Apparently, the New Feminist Order didn’t include the likes of Gennifer Flowers or Paula Jones. I recall plenty of women scoffing at the news that – in 1990 – Jones visited then-Governor Bill Clinton in his hotel room late at night on the promise of a job offer.
“What a dumb broad!” my mother told me one day. She, as well as some of my female friends and colleagues, laughed at the idea that Jones believed Clinton would invite her to his hotel room at 11:00 p.m. wanting to conduct a job interview. Right-wing sycophants portrayed Jones as a naïve 20-something who didn’t know any better. James Carville, Clinton’s campaign manager, remarked, “Drag a $100 bill through a trailer camp and there’s no telling what you will find.”
When Clinton’s sexual tryst with Monica Lewinsky came to light, self-righteous conservatives actually tried to impeach him for lying about it under oath. But again, no word came from the feminist camp. In fact, they were suspiciously silent throughout the entire ordeal. Clinton supported abortion, so I guess that’s all some women’s rights activists cared about.
Personally, I always liked Bill Clinton (Hilary not so much) and didn’t appreciate the news media focused so much attention on his hormonally-driven conquests. Yes, he likes women. He’s also one of the smartest and most verbally eloquent men ever to serve as Chief Executive. What a stark contrast to his immediate successor or the buffoon currently in the White House! But, if character counts – as so many social and religious conservatives proclaim – why are sexual indiscretions more important than, say, financial irregularities? Conservatives were quick to defend Thomas and just as quick to defend Trump. But they championed the ousting of Clinton because he got a blow-job from some unknown overweight intern. Conversely, liberals were quick to defend Clinton, but had no problems dragging Thomas through the mud. Character may be important for public officials, but politics keeps interfering.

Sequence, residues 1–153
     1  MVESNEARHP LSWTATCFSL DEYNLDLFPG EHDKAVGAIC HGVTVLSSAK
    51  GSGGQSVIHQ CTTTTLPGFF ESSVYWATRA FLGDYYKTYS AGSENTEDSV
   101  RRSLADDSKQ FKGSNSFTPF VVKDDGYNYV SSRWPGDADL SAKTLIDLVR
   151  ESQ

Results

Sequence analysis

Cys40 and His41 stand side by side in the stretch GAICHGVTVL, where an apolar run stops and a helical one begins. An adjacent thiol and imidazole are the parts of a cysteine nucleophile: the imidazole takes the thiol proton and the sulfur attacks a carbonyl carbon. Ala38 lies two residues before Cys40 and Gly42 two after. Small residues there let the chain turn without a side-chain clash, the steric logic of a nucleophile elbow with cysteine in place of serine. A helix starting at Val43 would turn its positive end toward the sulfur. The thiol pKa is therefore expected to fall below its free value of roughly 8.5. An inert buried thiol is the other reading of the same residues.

All of that came back – like another “Rocky” sequel – recently with the Kavanaugh ordeal. This situation is different, however, but much more disturbing. Dr. Christine Blasey Ford came forward about her traumatizing encounter with Kavanaugh in the summer of 1982, when both were high school students. Whereas Clarence Thomas allegedly asked Anita Hill out on dates repeatedly and made one too many off-color jokes, Blasey Ford claims Kavanaugh and another teenage boy ambushed her at a house, dragged her into a bedroom and tried to rape her. If true, Blasey Ford is recounting an incident that goes far beyond mere uncouth behavior. It’s a harrowing tale of a felonious assault; one where she literally felt she could die at the age of 15.
I know first-hand what both sexual harassment and general bullying-type harassment on the job can do to a person’s sense of self-worth. I know it happens. I’ve experienced it from men AND women. In the fall of 1985, I was a naïve 21-year-old working at a country club when my openly gay male supervisor admitted to me one night that he’d “really like to suck your dick off.” It startled me more than it offended, but I didn’t know what to do. Working at a retail store just a few years later, I got into a verbal altercation with my immediate supervisor who threatened to “bounce me right out of here.” We eventually made amends, realizing it was just a bad misunderstanding.